When I was approached to write about the salute to Montgomery County’s Vietnam Veterans on October 24th at The Universities at Shady Grove, I wasn’t sure how I would approach it. As a combat vet and a history major I knew that I would be invested for a multitude of reasons. What I wasn’t ready for was the emotional outpouring I would witness from not only veterans of the war, but their children, grandchildren, and even those who had never had a member of their family in the conflict. I was also unaware of how seeing these proud warriors and their families would affect me and my own feelings.
When I arrived at eight a.m. I was struck by the amount of volunteers that had already arrived and were preparing for the day. So many age groups were there to help, from senior citizens, to elementary aged children. This outpouring alone, before the crowds or the guests got there, needs to be acknowledged. Even though the event wasn’t scheduled to start until 10:30 veterans and their families began to mill around the parking lot early. In the military you are always taught to be early, “15 minutes prior to 15 minutes prior” is the old saying. As I walked around I chatted with several of them, most asked about my name tag, seeing that I had served in the Army. Most wanted to know where I was stationed, what I had done, where I saw combat, but there was something that kept happening that took me off guard every time.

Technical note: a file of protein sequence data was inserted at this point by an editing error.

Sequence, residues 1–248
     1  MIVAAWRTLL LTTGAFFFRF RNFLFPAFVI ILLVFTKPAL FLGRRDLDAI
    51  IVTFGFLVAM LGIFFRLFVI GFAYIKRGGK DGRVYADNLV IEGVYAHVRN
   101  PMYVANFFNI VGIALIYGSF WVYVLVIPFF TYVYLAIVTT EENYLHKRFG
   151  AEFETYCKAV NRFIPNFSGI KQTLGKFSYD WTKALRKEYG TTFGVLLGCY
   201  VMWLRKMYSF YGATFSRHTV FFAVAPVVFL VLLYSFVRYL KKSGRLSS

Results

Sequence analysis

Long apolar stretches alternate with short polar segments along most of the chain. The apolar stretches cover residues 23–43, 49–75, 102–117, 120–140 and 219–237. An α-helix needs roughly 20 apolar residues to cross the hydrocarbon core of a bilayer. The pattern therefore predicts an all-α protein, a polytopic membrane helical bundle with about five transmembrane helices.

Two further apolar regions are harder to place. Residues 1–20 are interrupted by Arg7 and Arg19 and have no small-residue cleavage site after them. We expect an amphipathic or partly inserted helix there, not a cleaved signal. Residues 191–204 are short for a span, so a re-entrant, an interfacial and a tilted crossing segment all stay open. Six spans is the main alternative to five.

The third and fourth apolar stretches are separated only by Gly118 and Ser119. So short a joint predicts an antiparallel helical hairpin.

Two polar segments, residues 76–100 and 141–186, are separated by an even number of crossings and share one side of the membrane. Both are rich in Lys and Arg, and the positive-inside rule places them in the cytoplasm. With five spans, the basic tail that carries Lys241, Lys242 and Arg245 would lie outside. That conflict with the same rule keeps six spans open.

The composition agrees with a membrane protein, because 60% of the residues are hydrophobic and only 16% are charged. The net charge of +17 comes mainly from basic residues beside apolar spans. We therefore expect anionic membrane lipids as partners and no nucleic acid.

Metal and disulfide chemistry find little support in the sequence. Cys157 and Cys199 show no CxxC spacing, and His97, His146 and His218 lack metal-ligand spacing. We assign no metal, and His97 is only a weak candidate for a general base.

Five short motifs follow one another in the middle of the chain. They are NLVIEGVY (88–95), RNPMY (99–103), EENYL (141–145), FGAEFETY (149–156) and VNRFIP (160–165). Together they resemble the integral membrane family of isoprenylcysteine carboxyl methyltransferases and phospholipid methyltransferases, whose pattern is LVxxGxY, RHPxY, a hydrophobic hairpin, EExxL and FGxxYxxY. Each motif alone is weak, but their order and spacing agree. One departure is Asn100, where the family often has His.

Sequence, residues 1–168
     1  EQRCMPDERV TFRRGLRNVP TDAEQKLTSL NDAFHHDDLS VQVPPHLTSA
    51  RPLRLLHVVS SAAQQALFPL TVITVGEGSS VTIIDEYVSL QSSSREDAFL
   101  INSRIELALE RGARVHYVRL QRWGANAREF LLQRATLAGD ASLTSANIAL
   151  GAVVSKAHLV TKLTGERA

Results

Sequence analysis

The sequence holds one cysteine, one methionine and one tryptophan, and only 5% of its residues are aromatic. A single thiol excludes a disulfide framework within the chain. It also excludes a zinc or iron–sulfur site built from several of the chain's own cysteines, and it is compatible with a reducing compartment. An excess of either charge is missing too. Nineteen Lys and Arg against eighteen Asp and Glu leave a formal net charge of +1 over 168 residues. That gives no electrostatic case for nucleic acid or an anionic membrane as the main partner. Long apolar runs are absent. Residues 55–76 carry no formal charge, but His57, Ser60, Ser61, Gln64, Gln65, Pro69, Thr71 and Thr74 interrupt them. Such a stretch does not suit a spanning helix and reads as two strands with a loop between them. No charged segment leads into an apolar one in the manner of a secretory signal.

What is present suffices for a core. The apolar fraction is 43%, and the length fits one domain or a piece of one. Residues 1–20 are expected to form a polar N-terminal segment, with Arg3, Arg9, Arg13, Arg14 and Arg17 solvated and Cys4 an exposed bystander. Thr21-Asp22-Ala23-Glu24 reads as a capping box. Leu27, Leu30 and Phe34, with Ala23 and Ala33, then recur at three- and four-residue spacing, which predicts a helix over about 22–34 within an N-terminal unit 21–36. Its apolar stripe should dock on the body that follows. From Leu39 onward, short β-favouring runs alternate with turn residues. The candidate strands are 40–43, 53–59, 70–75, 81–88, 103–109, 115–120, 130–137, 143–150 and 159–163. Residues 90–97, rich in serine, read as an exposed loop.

Time and time again these heroes would tell me “thank you for your service.” This was the forgotten generation of soldiers, marines, and sailors who never got the big welcome home, or reaped the accolades like my generation has, and here they are thanking me? I was struck by the fact that even though they were there for the honors, yet they were so interested in me and my service, often deflecting the conversation to be about me and away from them. Here among other vets and dignitaries they almost didn’t want the spotlight.
As the ceremony got underway master of ceremonies Bob Schieffer did a wonderful job in presenting not only his own story but introducing the other guest speakers, all of who conveyed their Vietnam experience in moving and oftentimes tearful stories.
Perhaps one of the most moving moments for me was seeing the Bell UH-1 Iroquois or “Huey” helicopter landed. The look on the vets faces as they saw this, some not having seen one since Vietnam. As vet after vet began to tell stories about their experiences with a Huey I heard perhaps the most poignant comment of the day. One gentleman with tears in his eyes said, “I haven’t seen one of these since I was flown out on my back, would have been nice to have come home to something like this.” About that time a little girl, about five, holding one of the tiny flags the Daughters of the American Revolution gave out looked up and handed it to him, which he accepted. “Welcome home,” she said. I think we can all take a cue from this little girl, “Welcome home heroes, welcome home.”